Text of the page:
Accounting and reporting standards for corporate value chains (agricultural and food companies) need to align with 15 categories for Scope 3 which requires companies' external support to comply with the sampling, processing, and understanding data of its operations. The main challenge in accounting for supply chain emissions is the limitations of traceability for purchased goods and services mainly from the sourcing of raw materials. For fast-moving consumer goods (FMCG) companies who rely on intermediary suppliers, emissions from the first category of Scope 3, Purchased Goods and Services (PG&S), are significant and typically account for more than 50% of the company’s total GHG footprint. As agriculture supply chains are complex and commodities usually pass through different stages from farmers, traders, and processors, it is difficult to accurately assess activities at the farm level. In the short term, companies can use recognized global datasets such as World Food Lifecycle Database (WFLDB) to obtain an estimate of their environmental footprint impact through proxy emission factors that show country-level emission for a particular crop, which may often not reflect more granular local sourcing situation.

In the long term, companies should work with suppliers to establish traceability programs for their top sourcing ingredients. Such traceability programs would:

  • monitor on-farm emissions such as fertilizer and crop protection emissions, land-use change emissions;

  • track how improvements to farm-level management can ultimately result in reduced carbon footprint and other co-benefits to biodiversity and water use conservation;

  • monitor land-use change emissions, a critical topic especially for Southeast Asia a region that has lost one-sixth of its forest, primarily due to commodity-driven deforestation according to the latest research;

  • entail mapping of geo-coordinates of sourcing areas with high deforestation-risk allowing companies to quantify historical land-use change occurring on the land; and

  • work together with partners to implement monitoring process to prevent further land-use change from occurring

Once companies have accurately established their carbon footprint at the baseline year, the next step in the climate journey is to develop a climate ambition in line with Science-Based Targets (SBTs).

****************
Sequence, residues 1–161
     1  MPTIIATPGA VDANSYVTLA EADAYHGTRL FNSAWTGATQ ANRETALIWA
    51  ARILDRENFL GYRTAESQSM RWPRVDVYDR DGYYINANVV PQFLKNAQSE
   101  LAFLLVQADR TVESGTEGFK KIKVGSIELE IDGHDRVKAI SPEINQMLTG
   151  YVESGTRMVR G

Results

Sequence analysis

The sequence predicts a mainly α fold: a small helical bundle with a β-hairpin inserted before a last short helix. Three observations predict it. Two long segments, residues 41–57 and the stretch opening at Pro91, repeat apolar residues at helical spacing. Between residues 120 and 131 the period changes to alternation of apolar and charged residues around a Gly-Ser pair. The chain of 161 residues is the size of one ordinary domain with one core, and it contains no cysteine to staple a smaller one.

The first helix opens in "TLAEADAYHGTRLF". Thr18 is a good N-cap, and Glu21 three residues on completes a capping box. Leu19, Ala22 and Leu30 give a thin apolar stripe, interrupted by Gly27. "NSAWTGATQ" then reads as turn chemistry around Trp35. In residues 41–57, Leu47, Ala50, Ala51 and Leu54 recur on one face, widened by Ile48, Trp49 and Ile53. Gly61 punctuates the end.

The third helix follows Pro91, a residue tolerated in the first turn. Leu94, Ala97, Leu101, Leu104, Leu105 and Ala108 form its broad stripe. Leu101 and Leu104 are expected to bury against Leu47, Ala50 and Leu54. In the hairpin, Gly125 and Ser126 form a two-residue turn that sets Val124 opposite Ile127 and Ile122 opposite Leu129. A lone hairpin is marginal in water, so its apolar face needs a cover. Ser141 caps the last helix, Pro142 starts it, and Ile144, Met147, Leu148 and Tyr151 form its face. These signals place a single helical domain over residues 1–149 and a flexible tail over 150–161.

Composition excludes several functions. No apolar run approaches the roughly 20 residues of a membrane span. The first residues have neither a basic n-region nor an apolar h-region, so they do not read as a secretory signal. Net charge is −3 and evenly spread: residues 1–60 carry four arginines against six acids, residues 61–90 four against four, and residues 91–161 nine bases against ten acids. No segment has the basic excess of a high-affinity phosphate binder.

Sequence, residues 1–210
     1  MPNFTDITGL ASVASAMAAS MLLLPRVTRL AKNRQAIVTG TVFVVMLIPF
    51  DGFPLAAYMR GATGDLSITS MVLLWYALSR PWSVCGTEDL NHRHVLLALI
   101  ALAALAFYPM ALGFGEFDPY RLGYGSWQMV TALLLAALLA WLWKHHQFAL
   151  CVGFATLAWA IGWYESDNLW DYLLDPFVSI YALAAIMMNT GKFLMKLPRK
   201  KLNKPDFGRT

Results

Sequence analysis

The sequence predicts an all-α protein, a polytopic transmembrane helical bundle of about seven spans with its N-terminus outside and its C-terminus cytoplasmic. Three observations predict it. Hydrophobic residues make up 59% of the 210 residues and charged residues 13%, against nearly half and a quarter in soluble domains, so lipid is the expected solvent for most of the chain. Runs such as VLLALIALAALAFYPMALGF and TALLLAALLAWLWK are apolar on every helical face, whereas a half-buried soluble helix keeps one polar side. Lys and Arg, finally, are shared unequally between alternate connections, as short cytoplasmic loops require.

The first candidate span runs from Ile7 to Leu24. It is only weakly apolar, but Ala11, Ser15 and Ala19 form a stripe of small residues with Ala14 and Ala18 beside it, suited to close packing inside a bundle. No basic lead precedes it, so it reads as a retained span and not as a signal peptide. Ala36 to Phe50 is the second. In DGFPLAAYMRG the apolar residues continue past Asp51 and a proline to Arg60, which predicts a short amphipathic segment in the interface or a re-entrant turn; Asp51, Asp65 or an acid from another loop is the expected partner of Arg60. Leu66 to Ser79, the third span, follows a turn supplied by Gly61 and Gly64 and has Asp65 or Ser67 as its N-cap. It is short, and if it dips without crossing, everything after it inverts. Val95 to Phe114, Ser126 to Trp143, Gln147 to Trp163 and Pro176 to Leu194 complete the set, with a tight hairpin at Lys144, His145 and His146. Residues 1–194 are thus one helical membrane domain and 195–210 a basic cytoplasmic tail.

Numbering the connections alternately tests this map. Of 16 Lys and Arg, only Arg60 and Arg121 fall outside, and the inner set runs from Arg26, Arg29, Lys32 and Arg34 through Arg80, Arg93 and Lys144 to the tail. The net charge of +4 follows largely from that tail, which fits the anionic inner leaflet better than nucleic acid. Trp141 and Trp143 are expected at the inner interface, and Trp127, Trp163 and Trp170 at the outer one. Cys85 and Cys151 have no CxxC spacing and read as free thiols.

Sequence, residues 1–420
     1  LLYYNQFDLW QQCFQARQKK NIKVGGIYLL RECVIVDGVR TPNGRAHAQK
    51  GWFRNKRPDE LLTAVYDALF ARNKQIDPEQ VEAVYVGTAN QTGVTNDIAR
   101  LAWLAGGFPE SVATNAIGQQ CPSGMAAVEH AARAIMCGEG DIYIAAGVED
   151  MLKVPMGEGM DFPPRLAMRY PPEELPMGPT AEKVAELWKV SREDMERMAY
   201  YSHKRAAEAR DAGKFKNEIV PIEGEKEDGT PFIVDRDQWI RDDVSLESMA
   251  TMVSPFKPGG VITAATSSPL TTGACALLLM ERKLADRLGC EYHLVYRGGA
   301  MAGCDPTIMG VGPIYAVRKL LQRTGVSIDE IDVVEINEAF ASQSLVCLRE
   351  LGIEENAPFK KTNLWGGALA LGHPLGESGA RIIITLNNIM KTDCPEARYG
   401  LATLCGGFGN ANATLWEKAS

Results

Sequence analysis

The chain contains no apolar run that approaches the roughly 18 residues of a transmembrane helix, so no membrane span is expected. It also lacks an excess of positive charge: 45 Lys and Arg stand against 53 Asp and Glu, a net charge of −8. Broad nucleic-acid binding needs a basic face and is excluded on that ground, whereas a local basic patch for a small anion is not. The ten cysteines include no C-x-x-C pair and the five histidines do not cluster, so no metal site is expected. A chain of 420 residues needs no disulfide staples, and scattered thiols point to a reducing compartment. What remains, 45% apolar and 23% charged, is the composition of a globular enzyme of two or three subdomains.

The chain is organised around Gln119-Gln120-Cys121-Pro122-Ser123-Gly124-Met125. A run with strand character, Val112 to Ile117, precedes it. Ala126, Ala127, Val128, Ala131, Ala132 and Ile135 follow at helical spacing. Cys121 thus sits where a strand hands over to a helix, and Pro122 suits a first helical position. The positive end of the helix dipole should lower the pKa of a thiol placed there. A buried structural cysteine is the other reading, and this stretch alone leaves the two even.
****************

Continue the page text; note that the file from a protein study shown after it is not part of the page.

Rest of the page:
How can companies align their climate action and commitments with science-based targets (SBTs)?

Science-based targets are used for companies to align their climate action commitments to reduction pathways that lead to the goals of the Paris Agreement and the latest climate science. The Science Based Targets Initiative (SBTI) leads the work in crafting sector-specific methodologies to help companies in setting realistic targets and achieving their commitments. Selecting an appropriate methodology is a critical step in realizing these commitments. A common way of measuring emissions, called the absolute emissions contraction method, applies to most sectors including agriculture. The output is an overall GHG emission reduction to the atmosphere by the target year, relative to the base year (e.g. reduce annual CO2e emissions by 35% by 2025, from 2018 levels). This method also includes setting up a carbon budget, emissions scenario, and allocation approach. Although companies may use this method to start measuring their progress toward climate commitments, the SBT does not yet have specific guidance for the agriculture and forestry sectors. SBTI has released a draft set of guidelines for the Forest, Land, and Agriculture Sector (FLAG) sector, which is under consultation as of June 2022. How can companies learn more and get involved?

Grow Asia recognizes that businesses in agriculture, food, and forestry operate differently and are at various stages of reaching commitments to GHG reduction targets. Companies at any stage need to understand how to create, execute and measure corporate targets and practices. This is why Grow Asia creates pre-competitive venues, like our Responsible Agriculture Investing (RAI) Community of Practice, for companies to share experiences, resources, and insights on relevant topics such as carbon.

This article was originally published by Grow Asia.